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Rushford takes positive approach with police issue


Fri, Jun 15th, 2007
Posted in Government

RUSHFORD - The Rushford City Council isn't sure exactly what to do in the stand-off over police protection with the City of Rushford Village, but the members agree that they wish to remain proactive and positive.

Mayor Les Ladewig advised against a "wait and see" approach at the regular council meeting June 11, and everyone else agreed.

The contract for police protection in CRV is set to expire June 22. The city of Rushford has proposed raising the rate from the current $1,000 per year. With no official response from CRV, and the deadline looming, the city sent a letter asking whether the village would like an extension and more time to decide. That letter has received no response.

"I'd like to see us reach some agreement," said Nancy Benson, "and us being proactive is the way to go."

Of immediate concern is what to do the day after the contract expires. Police staff would like direction from the council.

"If you don't have a written agreement by the time it expires, you don't have authority to go there," advised city attorney Terry Chiglo, "except in certain emergency situations."

Chiglo informed the board that their concern now should be liability issues, i.e. responding to police calls when there's no contract to do so.

With no local police protection, village residents would call the county sheriff with law enforcement issues. Chiglo reported that the sheriff has a legitimate right to ask for mutual assistance from local police after the sheriff or deputy is already on the scene. But the county is not authorized to ask local police to respond to routine calls.

To address the liability issues, Chiglo recommends that the council "make it clear in writing what you will and won't do" in police matters.

A small group made up of Ladewig, council member Laura Deering, and local police will meet to consider both a new proposal as well as a written agreement about what will happen if there's no response by June 22 and the contract expires.

Earlier in the meeting during the time for public comments, the mayor called on Roger Colbenson to state his business.

"I'm here as a concerned taxpayer," Colbenson responded. "I'm just here to listen."

As it turned out, listening wasn't enough and Colbenson couldn't resist offering helpful input several times throughout the meeting.

"Us taxpayers should have some say in this (police services provided to the village)", Colbenson said. "It's our money paying for it."

Since the next council meeting is June 25, three days after the contract expires, the committee plans to work quickly to put things in writing.

Legal Services

The council approved a request from city staff to offer the city attorney a two-year contract.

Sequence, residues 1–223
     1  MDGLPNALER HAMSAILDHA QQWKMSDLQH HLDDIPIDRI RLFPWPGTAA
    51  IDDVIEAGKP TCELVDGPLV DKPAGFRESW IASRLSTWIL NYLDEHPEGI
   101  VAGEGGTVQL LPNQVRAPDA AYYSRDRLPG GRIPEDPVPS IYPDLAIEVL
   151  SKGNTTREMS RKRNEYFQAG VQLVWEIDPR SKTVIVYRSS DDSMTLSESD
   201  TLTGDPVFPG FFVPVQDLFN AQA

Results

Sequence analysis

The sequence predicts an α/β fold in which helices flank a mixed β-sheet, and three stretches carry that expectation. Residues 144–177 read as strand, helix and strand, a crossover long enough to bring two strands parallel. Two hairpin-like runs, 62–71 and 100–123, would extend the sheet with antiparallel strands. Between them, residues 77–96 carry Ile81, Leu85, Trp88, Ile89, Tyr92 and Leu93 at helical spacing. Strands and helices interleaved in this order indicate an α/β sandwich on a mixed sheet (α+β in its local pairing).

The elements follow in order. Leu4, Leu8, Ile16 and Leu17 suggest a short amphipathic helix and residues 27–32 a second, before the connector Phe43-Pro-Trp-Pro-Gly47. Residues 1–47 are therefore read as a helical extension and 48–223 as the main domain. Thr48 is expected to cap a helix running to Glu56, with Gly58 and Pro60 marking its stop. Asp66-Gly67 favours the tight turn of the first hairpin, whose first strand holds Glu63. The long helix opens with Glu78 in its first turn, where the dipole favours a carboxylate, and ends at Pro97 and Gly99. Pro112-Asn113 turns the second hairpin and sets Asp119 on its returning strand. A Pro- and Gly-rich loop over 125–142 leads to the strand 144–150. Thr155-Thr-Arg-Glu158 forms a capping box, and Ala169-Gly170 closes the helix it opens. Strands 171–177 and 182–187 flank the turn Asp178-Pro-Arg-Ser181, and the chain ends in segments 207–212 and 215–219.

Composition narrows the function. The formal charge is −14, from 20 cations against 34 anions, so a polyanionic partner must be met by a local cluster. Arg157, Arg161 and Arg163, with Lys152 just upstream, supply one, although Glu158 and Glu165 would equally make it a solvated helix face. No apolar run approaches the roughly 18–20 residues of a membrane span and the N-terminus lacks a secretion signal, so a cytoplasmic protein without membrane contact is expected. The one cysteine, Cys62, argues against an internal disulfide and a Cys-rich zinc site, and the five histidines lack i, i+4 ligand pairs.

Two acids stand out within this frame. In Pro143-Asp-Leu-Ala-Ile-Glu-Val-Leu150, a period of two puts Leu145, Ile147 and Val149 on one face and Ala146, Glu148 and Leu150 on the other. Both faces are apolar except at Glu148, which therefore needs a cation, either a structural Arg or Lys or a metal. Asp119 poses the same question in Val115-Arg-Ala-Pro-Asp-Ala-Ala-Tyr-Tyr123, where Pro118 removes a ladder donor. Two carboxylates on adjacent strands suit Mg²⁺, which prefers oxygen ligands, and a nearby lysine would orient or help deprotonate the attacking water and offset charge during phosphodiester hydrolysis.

"It's the same agreement we've had for the past two years," Chiglo replied when asked about the proposal. "with the addition of a year."

"You've served us well in the past twelve months," Ladewig said, praising Chiglo's expertise on a number of issues.

The city has also retained the services of attorney Scott Springer of Preston for prosecutorial services for the past six months on a trial basis. The council approved giving Springer a year's contract, which will be reviewed at the end of that time.

"Incubator Business"

The council gave its stamp of approval to the recommendation by the EDA to rent the former Dreamin' Horses building to four local men for a practice space and recording studio. Casey Howe, Eric Howe, Isaac Saul, and Joseph Misico have a band called "Dirtwater" and plan to live in the second floor of the building while developing their business on the first floor.

The council gave permission for the city attorney to draw up a lease with a rent of $300 a month for the first six months, $350 a month for the next six months, and then reevaluate the agreement after a year.

The council offered their encouragement for what administrator Windy Block called an "incubator business" to Casey Howe, who was present.

What about the trees?

After Herb Highum's brief report from the tree board, Colbenson raised his hand and asked, "Whatever happened to the vote passed to get the trees replanted downtown?"

Colbenson recalled that the council had voted to replace trees approximately two years ago.

Highum replied that the trees had been removed because of a visibility problem for drivers.

"We were working with the D.O.T.," city clerk Kathy Zacher recalled. "There were right-of-way issues."

"Maybe by the stop sign," Colbenson said, "but not all of them."

"We'll look into it," the mayor said.

After the meeting adjourned, Ladewig approached Colbenson with a friendly, rhetorical question: "Who put a nickel in you?"

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